Contributor: Gordon K. Klintworth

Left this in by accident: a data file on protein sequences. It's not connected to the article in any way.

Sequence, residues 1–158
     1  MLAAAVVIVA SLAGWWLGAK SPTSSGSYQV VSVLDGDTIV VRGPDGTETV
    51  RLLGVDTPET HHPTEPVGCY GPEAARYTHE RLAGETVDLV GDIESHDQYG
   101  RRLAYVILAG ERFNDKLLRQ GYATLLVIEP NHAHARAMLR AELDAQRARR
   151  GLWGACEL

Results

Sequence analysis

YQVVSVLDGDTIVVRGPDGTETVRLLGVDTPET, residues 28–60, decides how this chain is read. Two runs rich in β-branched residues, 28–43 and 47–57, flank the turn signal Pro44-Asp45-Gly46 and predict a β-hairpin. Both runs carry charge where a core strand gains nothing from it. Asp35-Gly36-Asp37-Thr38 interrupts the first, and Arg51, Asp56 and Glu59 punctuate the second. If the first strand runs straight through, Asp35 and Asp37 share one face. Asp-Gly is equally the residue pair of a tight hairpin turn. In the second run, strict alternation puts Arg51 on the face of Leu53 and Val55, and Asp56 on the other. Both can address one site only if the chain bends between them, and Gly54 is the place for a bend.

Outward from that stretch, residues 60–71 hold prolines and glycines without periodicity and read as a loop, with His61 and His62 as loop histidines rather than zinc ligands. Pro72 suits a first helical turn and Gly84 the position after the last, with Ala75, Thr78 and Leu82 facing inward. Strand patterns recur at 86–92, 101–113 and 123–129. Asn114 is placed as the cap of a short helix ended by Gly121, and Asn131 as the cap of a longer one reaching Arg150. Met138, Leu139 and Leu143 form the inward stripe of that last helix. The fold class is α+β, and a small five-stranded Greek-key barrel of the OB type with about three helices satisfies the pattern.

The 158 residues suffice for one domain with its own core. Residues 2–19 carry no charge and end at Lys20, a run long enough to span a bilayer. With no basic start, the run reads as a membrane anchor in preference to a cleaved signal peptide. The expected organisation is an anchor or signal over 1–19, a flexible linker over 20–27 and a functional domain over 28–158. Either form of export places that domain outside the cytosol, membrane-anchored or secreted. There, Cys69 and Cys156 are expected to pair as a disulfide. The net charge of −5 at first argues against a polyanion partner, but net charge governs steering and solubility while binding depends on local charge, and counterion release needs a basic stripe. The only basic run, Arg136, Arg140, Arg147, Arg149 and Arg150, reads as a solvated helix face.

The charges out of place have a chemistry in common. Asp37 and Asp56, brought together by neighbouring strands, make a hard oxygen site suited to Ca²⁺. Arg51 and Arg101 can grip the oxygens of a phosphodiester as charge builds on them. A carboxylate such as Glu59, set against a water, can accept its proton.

Inflammation of the joints can occur in many settings. In many infections, including rubella, mumps, infectious mononucleosis, variola, influenza, and pneumonia caused by parainfluenza virus and respiratory syncytial virus, transient arthritis is common and any infectious disease can potentially cause an infectious arthritis [arthritis - infectious], but certain infections, such as Lyme disease are particularly prone to arthritis. Individuals with damaged joints or a deficient immune system are particularly likely to get an infectious arthritis. Some infections, such gram-negative enteric infections predispose individuals to chronic arthritis by immune mechanisms. Chlamydial urethritis [chlamydial infection] can lead to arthritis and the other manifestations of Reiter syndrome. Common important type of arthritis is rheumatoid arthritis and hyperuremic arthropathy [gout]. Arthritis can occur in Behçet disease, sarcoidosis, relapsing polychondritis, rheumatic fever and autoimmune diseases. Arthritis is a manifestation of some inherited syndromes, such as arthropathy-camptodactyly syndrome and Blau syndrome.